Research the games
Read about the games your child plays, look for recommended age ratings, content, inappropriate themes and interaction options.
Some apps or games may have gambling or violent themes or contain age inappropriate ads for products or other games or apps.
Be mindful that some games or apps may have in game purchase options where they have in game currency such as "gems" or "bucks" which may be purchased to enhance your child's character or advance their gaming progress. You may find out if a game contains in app purchases before you decide to install that game.
See our resource section for further reading and tips to find out about the specific games or platforms your child uses.
Keep an eye on things
Keeping gaming activity in a central area such as the living room helps you keep an eye on the content being played, and across conversations if they're communicating with others in online games. It also provides you an opportunity to intervene & support if your child or others are not conducting themselves positively or safely.
Even with technology such as Virtual reality headsets, there may be options to cast/display your child's game play live to compatible devices such as smart TVs, computers or your phone.
2. Account Management
It's common for games and/or gaming platforms to be connected to accounts these days. Accounts are tied to an individual user/gamer.
Some benefits of accounts may be that your child's gaming progress can be saved, some gaming platforms or games can offer achievements or trophies that you child can earn over time, personalisation, and in some cases any purchases made made may be tied to a gamer/user account.
- Family Management through Accounts
Many platforms offer parental controls via a Family Management option but may require a parent or adult account first. Family management options sometimes offer adding "child accounts" for your children which can be managed by the parent account. By setting up child accounts, these can often have the added benefit of having mandatory restrictions. The game or platform may tailor age suitable content but never assume this is the case. If you have a parent account or pin, ensure you do not lost these credentials but also ensure not to share with your child as they could make unauthorised changes.
- Account Security
Set up Multi factor or 2 Factor Authentication where possible to secure all of your gaming accounts.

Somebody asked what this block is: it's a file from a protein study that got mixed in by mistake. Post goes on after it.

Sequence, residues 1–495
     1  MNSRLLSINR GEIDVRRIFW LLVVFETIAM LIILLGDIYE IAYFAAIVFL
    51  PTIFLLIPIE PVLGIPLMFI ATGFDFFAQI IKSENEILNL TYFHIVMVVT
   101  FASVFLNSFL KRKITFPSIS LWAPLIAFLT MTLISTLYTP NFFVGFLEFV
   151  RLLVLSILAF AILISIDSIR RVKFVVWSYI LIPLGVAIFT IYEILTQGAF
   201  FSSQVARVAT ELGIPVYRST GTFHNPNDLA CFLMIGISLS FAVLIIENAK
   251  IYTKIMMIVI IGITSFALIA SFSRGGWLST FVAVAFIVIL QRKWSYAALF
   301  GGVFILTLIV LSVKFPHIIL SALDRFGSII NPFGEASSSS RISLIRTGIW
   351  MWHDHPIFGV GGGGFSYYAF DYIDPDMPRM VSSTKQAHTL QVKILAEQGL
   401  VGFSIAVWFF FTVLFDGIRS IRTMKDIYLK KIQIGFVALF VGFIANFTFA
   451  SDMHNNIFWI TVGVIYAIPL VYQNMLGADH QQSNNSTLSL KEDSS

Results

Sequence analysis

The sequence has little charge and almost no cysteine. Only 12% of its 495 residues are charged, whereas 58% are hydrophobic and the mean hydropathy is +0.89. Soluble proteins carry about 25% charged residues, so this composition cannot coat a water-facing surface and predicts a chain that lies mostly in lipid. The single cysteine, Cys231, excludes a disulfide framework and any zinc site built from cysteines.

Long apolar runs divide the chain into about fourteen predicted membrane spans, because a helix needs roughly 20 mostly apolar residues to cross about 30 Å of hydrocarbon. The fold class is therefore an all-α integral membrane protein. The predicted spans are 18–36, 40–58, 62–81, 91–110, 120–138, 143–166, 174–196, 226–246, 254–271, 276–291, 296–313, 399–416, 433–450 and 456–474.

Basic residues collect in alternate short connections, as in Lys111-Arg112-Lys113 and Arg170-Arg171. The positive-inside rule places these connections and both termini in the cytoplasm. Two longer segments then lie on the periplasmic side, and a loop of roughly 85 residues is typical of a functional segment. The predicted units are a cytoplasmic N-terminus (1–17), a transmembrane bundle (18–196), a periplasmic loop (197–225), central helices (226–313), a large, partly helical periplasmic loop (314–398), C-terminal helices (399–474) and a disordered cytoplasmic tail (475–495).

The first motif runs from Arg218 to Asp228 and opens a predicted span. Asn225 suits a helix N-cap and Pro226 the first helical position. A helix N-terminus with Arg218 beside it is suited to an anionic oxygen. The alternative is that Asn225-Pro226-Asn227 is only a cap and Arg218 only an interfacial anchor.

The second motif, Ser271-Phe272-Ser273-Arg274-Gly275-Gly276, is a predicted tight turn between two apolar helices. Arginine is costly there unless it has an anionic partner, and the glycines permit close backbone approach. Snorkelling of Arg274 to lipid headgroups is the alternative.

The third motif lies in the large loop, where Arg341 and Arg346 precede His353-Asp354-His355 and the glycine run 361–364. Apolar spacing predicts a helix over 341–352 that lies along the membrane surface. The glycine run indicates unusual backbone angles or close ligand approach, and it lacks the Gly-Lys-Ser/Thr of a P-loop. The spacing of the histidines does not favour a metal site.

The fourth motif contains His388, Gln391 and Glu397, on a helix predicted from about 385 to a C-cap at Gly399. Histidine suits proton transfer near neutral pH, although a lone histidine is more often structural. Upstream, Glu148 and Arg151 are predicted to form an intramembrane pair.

It helps to prevent unauthorised access of accounts and sometimes it can be used as a method of account recovery.
We recommend using an authenticator app such as Google Authenticator but a mobile phone number is ok also. Look for options that allow you to be prompted by 2FA for logging in, making purchases or other changes such as settings.
- Account Recovery
If you have an email address connected on your account or child's account, ensure you keep the credentials confidential and do not lose them. access to it as it can often be used as a method of account recovery (recommend to use in conjunction with MFA).
If you have set up a child's account with a unique email address, you may wish to keep their email account logged in an easily accessible place such as your phone.
Note: Your child's gaming account will likely hold their gaming progress and purchases made on games may be linked to your child's account so being locked out of their account when forgetting a password can be very disappointing on top of the account security risks.
Settings menus will vary in games and platforms but there are some key areas we recommend to look for safety.
- Parental controls
Gaming platforms often have specific parental controls in the settings which will help parents set up and support safe gaming for their kid by configurating settings.
Some common parental control features may include setting restrictions on time played, scheduled game time for days of the week, monitoring gaming activity, limiting purchases or online interactions. Each platform will have different controls and options. You can learn more about those settings for your child's preferred platform through the platform's support material. If you don't see any settings labelled as parental controls, there still may be some safety measure you can put in place by navigating through the other settings.
- Privacy Settings
Often, settings menus contain privacy options around how much information you share to others. It is good to read these carefully and configure your restrictions where you see fit though more stricter is safer. Where there are options to share data with "friends" just be mindful that "friends" is referring to other players that your child's account adds so if you're not confident on their friends list you may want to make stricter settings such as sharing with no one.
- Security Settings
The available security options may vary across platforms, games or accounts. Where possible, set up Multi factor Authentication where possible to secure all of your gaming accounts.